The Pantanal, which spans 66,100 square miles, is the largest wetland in the world. To put it in perspective, it is ten times bigger than the United States Everglades. Its name comes from the Portuguese word Pantano, meaning wetland or marsh. This vast wetland stretches across Brazil, Bolivia, and Paraguay, with its main area located in Mato Grosso in western central Brazil. The Pantanal serves as the source of two important river systems in the region: the Paraguay and Cuiaba rivers. During winter, around 80 percent of the Pantanal becomes flooded. Interestingly, studies show that this area was once a sandy desert between 13,000 and 20,000 years ago. Today, it boasts flowing rivers and incredibly diverse wetlands teeming with fascinating wildlife.
The annual rainfall in the Pantanal is an average of 39 to 55 inches or 1,000 to 1,400 mm. The average temperature is 79 degrees Fahrenheit or 26 degrees Celcius. When you visit, you need to know the fluctuation in temperatures can vary from 56 to 115 degrees Fahrenheit or 25 to 45 degrees Celcius. Especially from mid-September the temperatures start to get above 95 fahrenheit or 35 degrees Celcius.
The Pantanal is teeming with life. This includes approximately:
656 species of birds 159 mammal species 3,500 species of plants 53 amphibian species 325 fish species and 98 species of reptiles.
You will find a greater density of jaguars in the Northern Pantanal than anywhere else in the world. It offers you an exceptional opportunity for spotting and photographing jaguars. The best time to visit for wildlife, birds and the jaguar is during the dry season (mid-May till November). When you take a Pantanal safari, you may see some of the iconic species (click the below links for detailed information about the species):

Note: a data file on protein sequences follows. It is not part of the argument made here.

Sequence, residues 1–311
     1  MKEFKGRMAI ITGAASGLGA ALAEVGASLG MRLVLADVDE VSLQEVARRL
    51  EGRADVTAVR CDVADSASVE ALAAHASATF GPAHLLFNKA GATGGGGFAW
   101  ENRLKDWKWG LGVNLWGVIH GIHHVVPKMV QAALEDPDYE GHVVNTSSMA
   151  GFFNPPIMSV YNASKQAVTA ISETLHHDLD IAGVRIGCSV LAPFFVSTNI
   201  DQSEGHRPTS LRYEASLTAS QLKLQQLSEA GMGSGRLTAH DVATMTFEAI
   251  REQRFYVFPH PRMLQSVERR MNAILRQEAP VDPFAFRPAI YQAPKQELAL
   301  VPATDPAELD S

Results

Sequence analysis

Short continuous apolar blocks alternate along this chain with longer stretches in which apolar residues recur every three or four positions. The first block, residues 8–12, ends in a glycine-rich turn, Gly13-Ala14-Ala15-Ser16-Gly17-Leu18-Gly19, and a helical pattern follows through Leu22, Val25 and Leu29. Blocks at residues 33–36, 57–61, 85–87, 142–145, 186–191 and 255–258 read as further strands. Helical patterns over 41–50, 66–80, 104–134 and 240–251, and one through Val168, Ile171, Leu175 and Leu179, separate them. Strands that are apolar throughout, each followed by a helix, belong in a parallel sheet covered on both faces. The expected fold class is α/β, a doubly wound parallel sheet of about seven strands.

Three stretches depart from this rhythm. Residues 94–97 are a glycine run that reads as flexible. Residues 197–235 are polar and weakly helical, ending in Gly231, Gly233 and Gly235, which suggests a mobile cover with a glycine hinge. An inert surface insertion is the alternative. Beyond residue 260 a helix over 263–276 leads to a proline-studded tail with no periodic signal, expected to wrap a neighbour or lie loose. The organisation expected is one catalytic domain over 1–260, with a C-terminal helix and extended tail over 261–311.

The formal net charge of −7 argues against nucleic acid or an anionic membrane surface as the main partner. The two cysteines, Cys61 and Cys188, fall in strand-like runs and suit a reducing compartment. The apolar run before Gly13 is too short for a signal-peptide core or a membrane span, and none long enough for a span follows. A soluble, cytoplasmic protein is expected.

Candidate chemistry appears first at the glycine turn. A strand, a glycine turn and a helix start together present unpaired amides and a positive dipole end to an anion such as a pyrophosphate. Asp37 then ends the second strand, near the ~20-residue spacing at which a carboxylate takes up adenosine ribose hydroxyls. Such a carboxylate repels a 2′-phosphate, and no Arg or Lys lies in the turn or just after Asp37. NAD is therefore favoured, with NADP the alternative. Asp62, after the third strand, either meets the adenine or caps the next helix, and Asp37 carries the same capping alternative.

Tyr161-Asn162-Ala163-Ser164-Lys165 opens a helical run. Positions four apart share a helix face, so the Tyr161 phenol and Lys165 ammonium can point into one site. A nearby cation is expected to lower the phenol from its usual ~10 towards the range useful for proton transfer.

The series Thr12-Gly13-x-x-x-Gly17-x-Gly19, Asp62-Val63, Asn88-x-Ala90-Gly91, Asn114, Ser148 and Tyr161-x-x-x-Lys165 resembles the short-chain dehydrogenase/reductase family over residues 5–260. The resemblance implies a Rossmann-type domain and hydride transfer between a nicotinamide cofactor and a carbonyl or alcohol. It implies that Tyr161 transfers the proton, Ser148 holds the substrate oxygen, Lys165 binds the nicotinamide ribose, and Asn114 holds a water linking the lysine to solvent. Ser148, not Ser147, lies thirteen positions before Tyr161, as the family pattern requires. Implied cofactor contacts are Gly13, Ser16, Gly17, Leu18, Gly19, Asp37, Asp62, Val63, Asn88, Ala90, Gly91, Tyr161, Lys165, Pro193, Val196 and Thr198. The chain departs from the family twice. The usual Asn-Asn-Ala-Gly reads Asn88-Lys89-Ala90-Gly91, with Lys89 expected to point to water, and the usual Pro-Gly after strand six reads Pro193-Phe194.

Eco-tourism plays a vital role in the conservation of the Pantanal wetland and empowering local communities.
Due to the rise of eco-tourism within the region more awareness and effort is put in place to protect this unique ecosystem and the abundance of wildlife.
The biggest threats are cattle ranching, deforestation, gold mining, fishing and pollution. Luckily slowly more locals start to understand the opportunities to change from cattle and fishing to tourism, which contributes to the protection of the area and species like the jaguar. However much work is to be done and illegal fishing, hunting and polluting are still present this day.
Organisations like Panthera conduct research in the Pantanal and have multiple conservation projects in place. Besides conservation they have an educational program for local children since education is the key to future change.